The Group 3 Alexandra Stakes is run annually in March at Moonee Valley Racecourse in Melbourne. The race of 1600 metres is for three-year-old fillies racing under set weight plus penalty conditions.
Prizemoney for the race is $200,000 as of 2023, with the top prize of $120,000 being claimed by Papillon Club.
Alexandra Stakes Race Details
Racecourse: Moonee Valley
Race Distance: 1600m
Prize Money: $200,000
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When Is The Alexandra Stakes: 22/3/24
What Time Is The Alexandra Stakes: TBA
Where Is The Alexandra Stakes: Moonee Valley Racecourse
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More Details About The Alexandra Stakes
She was a prohibitive favourite in the race and she won by 2.5 lengths in a field of seven. She is spelling at the moment after winning the Alexandra Stakes. To date, she has made six jumps for three wins and three placings, so she seems like a pretty good punt for anyone who bets based on a 100 per cent win/place strike rate.
These days, the Alexandra Stake is run at a meeting featuring the Group 1 William Reid Stakes. The Group 2 Sunline Stakes is similar in trip to the Alexandra Stakes and it is for fillies and mares, so some better types that might otherwise try the Alexandra Stakes are siphoned off the way Sunline used to siphon off the horses that were there to chase her. The one difference between the two races is that the Sunline Stakes is a weight-for-age race.
The meeting also offers the Listed grade The Valley Pearl for two-year-olds.
There was a time when the Alexandra Stakes was a spring race held on the same day as the Cox Plate, but that all changed in 2013 when the race was moved to autumn. The race was not held in 2012 in preparation for the shift to autumn.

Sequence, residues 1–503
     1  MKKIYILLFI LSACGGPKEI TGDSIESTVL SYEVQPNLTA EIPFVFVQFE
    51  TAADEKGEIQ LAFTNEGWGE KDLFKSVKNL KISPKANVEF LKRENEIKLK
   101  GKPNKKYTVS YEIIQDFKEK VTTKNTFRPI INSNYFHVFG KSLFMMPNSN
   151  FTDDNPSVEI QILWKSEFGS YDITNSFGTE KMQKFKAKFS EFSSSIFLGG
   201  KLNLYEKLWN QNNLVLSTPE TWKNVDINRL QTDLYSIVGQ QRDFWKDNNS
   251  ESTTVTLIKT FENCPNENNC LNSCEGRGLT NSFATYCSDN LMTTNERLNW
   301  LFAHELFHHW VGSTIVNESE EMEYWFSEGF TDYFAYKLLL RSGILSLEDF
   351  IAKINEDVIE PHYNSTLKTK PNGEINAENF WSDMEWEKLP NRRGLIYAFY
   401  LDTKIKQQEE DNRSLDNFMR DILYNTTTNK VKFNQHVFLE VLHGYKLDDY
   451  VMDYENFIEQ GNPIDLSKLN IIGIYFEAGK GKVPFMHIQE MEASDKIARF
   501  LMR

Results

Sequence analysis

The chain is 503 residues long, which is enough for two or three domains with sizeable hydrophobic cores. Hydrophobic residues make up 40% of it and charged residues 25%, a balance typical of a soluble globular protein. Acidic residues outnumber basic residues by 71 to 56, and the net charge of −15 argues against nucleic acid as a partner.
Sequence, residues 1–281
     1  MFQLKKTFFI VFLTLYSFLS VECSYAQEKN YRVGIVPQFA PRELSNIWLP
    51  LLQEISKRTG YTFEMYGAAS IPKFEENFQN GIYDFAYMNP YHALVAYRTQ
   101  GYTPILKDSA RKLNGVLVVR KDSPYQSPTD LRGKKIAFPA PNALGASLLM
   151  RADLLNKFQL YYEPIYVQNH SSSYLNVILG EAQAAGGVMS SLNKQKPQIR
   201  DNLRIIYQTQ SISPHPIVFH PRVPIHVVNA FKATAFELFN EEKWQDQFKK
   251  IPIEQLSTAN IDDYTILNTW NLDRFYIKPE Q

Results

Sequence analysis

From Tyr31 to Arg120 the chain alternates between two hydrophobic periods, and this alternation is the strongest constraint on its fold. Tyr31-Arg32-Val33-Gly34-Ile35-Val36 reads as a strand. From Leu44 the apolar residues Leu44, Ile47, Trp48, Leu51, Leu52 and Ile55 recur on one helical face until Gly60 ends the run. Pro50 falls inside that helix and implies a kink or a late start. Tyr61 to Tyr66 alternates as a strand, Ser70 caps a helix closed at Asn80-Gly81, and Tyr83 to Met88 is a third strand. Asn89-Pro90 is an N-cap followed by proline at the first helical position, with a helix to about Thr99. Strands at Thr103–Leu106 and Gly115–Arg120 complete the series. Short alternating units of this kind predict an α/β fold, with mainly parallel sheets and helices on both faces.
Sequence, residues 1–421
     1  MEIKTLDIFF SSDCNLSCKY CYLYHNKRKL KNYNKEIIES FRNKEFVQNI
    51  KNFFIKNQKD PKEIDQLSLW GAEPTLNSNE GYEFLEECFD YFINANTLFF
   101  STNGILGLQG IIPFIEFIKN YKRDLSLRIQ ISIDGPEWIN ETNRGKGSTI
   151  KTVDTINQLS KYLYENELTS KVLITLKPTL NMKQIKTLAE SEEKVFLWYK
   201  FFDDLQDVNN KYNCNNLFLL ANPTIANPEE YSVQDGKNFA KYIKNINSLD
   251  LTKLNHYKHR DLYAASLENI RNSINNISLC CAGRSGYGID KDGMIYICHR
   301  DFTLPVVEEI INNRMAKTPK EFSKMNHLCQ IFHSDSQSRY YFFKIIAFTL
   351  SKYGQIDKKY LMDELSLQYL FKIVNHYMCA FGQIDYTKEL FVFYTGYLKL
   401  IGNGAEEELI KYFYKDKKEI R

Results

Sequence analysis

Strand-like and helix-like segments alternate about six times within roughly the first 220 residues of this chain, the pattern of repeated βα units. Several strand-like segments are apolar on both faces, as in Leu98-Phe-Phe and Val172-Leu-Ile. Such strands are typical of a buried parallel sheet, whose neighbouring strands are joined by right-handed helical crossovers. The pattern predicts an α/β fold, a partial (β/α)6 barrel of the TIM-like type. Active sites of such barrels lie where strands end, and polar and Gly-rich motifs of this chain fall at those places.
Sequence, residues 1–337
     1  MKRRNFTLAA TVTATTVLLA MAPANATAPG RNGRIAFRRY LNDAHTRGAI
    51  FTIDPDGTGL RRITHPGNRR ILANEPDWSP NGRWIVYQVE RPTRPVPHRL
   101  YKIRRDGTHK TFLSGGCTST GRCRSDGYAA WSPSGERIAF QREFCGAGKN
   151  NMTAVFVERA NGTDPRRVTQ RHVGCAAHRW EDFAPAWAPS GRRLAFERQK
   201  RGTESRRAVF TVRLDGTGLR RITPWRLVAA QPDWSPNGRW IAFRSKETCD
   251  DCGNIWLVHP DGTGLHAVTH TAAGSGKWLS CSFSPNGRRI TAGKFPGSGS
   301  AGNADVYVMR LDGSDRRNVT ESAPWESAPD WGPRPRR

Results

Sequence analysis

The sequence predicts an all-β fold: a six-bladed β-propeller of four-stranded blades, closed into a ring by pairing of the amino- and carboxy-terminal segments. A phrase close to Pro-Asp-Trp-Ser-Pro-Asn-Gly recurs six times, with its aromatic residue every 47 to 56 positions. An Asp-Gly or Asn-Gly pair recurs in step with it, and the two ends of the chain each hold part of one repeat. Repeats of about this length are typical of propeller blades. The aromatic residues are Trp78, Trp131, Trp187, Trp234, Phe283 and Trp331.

History of the Alexandra Stakes
The race made its debut in 1983, but did not become the Alexandra Stakes until 2013, the same year the race was moved from spring to autumn.
In was known as the Carlton Draught Stakes at that time.
Other names include Crown Lager Stakes, Great Western Stakes and the once-used Salinger Stakes in 2000. For 2001, the race was the Rosemount Estate Trophy. From 2002 through 2010, the race was the Eliza Park Stakes, the Moomoot Stud Stakes and the Arrow Training Services Stakes. In 2011, Jeep Stakes was used.
For a Thoroughbred race in Victoria, we find it odd to write that the trip has been steady at 1600 metres for its entire history.
The Alexandra Stakes made its debut about four years after the Group grading system came into use, so it was granted Listed Grade in 1983 and was promoted to Group 3 in time for the 2016 jump.
Venue for the Alexandra Stakes
Moonee Valley Racecourse in Melbourne is the third of the city’s metro tracks after Flemington and Caulfield. Some might object that we are ignoring Sandown. Objection noted and overruled.
The track has been operating since 1833 on land that was once a farm property belonging to Joh F. Feehan.
William Samuel Cox bought the land with the purpose of setting up a racetrack. He would become the first Secretary of the Moonee Valley Racing Club. His name lives on because of the race named in his honour in 1922, the W. S. Cox Plate, or as it is known simply by many, the Cox Plate. The race is considered the crown jewel of Australia’s weight-for-age horseracing.
In recent years, the Moonee Valley Racing Club has been marketing the venue as The Valley. They often have Friday evening racing, something of which we would like to see more.
We would describe the track as a tight one, as it is only just over 1800 metres in circumference.
If asked to describe the shape, we would simply write that it is an oval with a couple of short straights between the turns.
For 1600-metre races such as the Alexandra Stakes, horses jump from barriers midway down the straight located on the south side of the course. They run two turns to hit the back straight on the north side, and then turn for home to the finish line near the end of the front straight on the west side of the course.
Racing History of the Alexandra Stakes
The Alexandra Stakes has jumped 38 times as of the completion of the 2023 edition of the race.